The test is conducted with the patient awake. Essentially, a barbiturate (which is usually sodium amobarbital) is introduced into one of the internal carotid arteries via a cannula or intra-arterial catheter from the femoral artery. The drug is injected into one hemisphere at a time. The effect is to shut down any language and/or memory function in that hemisphere in order to evaluate the other hemisphere ("half of the brain"). Then the patient is engaged in a series of language and memory related tests. The memory is evaluated by showing a series of items or pictures to the patient so that within a few minutes as soon as the effect of the medication is dissipated, the ability to recall can be tested.
There is currently great variability in the processes used to administer the test, and so it is difficult to compare results from one patient to the other.
The test is usually performed prior to ablative surgery for epilepsy and sometimes prior to tumor resection. The aim is to determine which side of the brain is responsible for certain vital cognitive functions, namely speech and memory. The risk of damaging such structures during surgery can then be assessed, and the need for awake craniotomies can be determined as well.
The Wada test has several interesting side-effects. Drastic personality changes are rarely noted, but disinhibition is common. Also, contralateral hemiplegia, hemineglect and shivering are often seen. During one injection, typically the left hemisphere, the patient will have impaired speech or be completely unable to express or understand language. Although the patient may not be able to talk, sometimes their ability to sing is preserved. This is because music and singing utilizes a different part of your brain than speech and language. Most people with aphasia are able to sing, and even learn new songs (as in the case of Cesero Rota, klawans, 2002).Recovery from the anesthesia is rapid, and EEG recordings and distal grip strength are used to determine when the medication has worn off. Generally, recovery of speech is dysphasic (contains errors in speech or comprehension) after a dominant hemisphere injection. Although generally considered a safe procedure, there are at least minimal risks associated with the angiography procedure used to guide the catheter to the internal carotid artery. As such, efforts to utilize non-invasive means to determine language and memory laterality (e.g. fMRI) are being researched.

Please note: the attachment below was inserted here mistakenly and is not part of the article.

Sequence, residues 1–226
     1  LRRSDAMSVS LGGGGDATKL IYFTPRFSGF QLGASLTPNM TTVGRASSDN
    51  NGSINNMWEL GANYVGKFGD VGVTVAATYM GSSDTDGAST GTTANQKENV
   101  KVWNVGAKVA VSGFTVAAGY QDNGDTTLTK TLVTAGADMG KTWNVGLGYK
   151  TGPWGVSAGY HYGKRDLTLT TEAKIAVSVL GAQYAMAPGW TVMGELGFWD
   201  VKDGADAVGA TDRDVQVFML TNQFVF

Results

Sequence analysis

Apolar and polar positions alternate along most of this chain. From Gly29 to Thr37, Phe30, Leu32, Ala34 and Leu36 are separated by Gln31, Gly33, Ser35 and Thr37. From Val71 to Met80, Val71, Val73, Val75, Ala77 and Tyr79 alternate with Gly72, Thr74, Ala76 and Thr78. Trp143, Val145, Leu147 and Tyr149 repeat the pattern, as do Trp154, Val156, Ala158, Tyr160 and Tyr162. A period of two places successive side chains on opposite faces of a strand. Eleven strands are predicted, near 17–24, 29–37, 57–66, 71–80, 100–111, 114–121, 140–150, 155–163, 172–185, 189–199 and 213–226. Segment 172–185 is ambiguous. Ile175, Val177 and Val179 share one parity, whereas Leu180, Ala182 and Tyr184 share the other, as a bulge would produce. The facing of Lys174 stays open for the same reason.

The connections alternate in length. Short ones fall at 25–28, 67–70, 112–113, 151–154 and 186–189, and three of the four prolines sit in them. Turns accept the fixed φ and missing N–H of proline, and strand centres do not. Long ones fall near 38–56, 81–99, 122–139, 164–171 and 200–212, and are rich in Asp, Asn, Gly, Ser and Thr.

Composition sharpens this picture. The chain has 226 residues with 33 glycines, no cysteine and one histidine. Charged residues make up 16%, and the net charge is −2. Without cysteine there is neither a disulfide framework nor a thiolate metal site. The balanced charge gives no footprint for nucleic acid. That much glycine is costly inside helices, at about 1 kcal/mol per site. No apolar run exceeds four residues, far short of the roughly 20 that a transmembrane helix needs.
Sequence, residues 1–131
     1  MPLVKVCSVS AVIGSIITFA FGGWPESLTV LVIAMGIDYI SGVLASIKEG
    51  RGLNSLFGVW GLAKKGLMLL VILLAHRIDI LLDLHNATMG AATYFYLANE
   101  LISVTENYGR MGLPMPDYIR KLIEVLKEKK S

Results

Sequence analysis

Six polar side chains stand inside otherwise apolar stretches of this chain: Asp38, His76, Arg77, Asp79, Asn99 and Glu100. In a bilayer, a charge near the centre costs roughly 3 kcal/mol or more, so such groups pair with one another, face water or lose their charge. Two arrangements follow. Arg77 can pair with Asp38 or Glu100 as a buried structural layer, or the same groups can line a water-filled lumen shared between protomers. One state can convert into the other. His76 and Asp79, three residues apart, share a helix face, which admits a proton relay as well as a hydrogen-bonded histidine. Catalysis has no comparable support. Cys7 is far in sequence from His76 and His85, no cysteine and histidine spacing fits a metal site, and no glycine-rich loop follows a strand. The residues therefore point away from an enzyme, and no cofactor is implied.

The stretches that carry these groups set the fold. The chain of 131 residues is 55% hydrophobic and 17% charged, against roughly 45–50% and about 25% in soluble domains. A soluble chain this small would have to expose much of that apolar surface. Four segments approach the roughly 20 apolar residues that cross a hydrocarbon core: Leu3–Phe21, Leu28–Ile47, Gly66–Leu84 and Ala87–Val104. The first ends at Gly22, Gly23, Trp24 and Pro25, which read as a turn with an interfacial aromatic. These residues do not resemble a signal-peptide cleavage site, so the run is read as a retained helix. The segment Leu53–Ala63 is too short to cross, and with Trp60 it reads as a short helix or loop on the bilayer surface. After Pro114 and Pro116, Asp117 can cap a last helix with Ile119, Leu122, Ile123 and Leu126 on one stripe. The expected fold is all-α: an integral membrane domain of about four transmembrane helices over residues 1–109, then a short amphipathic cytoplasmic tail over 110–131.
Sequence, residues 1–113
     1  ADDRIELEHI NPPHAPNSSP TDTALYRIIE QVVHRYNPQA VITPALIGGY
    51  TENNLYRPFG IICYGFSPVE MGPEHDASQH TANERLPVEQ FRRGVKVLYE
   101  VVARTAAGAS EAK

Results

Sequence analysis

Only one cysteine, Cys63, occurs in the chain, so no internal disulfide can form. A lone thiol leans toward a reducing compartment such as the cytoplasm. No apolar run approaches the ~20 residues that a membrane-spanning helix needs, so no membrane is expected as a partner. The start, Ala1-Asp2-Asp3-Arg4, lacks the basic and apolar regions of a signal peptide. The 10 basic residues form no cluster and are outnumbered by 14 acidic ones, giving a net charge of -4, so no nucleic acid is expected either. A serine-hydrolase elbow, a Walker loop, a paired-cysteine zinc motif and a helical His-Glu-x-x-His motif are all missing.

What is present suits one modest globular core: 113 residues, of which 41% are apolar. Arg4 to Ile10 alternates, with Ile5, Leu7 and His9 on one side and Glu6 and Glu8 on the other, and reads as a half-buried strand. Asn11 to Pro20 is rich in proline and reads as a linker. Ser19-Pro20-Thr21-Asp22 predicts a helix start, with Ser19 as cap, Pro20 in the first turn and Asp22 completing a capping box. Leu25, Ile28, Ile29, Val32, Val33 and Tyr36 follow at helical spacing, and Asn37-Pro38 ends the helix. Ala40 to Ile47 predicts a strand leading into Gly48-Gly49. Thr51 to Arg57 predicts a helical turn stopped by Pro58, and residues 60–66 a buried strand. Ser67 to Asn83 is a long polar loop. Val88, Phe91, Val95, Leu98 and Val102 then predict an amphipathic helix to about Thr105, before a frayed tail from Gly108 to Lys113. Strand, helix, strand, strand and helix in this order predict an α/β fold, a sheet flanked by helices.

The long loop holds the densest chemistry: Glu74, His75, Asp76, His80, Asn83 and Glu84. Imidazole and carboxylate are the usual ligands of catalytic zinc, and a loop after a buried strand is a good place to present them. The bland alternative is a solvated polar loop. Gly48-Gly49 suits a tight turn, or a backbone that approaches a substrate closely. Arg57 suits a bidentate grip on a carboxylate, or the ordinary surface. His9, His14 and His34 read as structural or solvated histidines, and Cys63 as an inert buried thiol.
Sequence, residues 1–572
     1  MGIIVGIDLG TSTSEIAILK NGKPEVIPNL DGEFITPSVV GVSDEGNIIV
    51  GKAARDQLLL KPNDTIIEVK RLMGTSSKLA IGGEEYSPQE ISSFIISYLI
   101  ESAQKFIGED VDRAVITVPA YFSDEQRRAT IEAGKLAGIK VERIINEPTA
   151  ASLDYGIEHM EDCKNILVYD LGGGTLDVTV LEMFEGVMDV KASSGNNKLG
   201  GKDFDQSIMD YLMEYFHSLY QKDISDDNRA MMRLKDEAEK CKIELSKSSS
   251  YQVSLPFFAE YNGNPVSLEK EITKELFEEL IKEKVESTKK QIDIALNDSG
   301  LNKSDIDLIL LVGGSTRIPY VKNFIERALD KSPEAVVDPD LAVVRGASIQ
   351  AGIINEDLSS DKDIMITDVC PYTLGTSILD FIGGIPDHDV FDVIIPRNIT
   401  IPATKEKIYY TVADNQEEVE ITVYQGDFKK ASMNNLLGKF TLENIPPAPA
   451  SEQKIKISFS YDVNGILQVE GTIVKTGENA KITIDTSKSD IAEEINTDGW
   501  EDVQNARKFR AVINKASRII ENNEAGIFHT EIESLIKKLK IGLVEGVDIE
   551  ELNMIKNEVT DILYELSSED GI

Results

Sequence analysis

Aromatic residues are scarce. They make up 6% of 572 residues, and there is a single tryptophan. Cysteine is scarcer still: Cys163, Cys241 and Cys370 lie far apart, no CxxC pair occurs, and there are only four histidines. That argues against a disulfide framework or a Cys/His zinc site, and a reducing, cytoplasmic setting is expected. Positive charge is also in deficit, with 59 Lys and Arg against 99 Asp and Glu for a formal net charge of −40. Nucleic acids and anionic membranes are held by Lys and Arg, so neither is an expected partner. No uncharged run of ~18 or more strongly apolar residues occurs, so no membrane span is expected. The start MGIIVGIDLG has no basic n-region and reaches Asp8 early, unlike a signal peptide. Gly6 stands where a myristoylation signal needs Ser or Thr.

The Wada test is named after Canadian neurologist Juhn A. Wada, of the University of British Columbia. He developed the test while a medical resident in Japan just after World War II, when he was receiving training in neurosurgery. Recognizing that there was no available test for cerebral dominance for speech, Wada developed the carotid amytal test. He published the initial description in 1949, in Japanese. During later training at the Montreal Neurological Institute, he introduced the test to the English-speaking world.
- Hermann B (2005). "Wada test failure and cognitive outcome". Epilepsy currents / American Epilepsy Society. 5 (2): 61–2. doi:10.1111/j.1535-7597.2005.05206.x. PMID 16059438.
- synd/3813 at Who Named It
- J. Wada. A new method for the determination of the side of cerebral speech dominance. A preliminary report of the intra-carotid injection of sodium amytal in man. Igaku to Seibutsugaki, Tokyo, 1949, 14, 221-222.
- Wada Testing
- "The Johns Hopkins Epilepsy Center". Retrieved 2007-06-05.
- Image at University of Hong Kong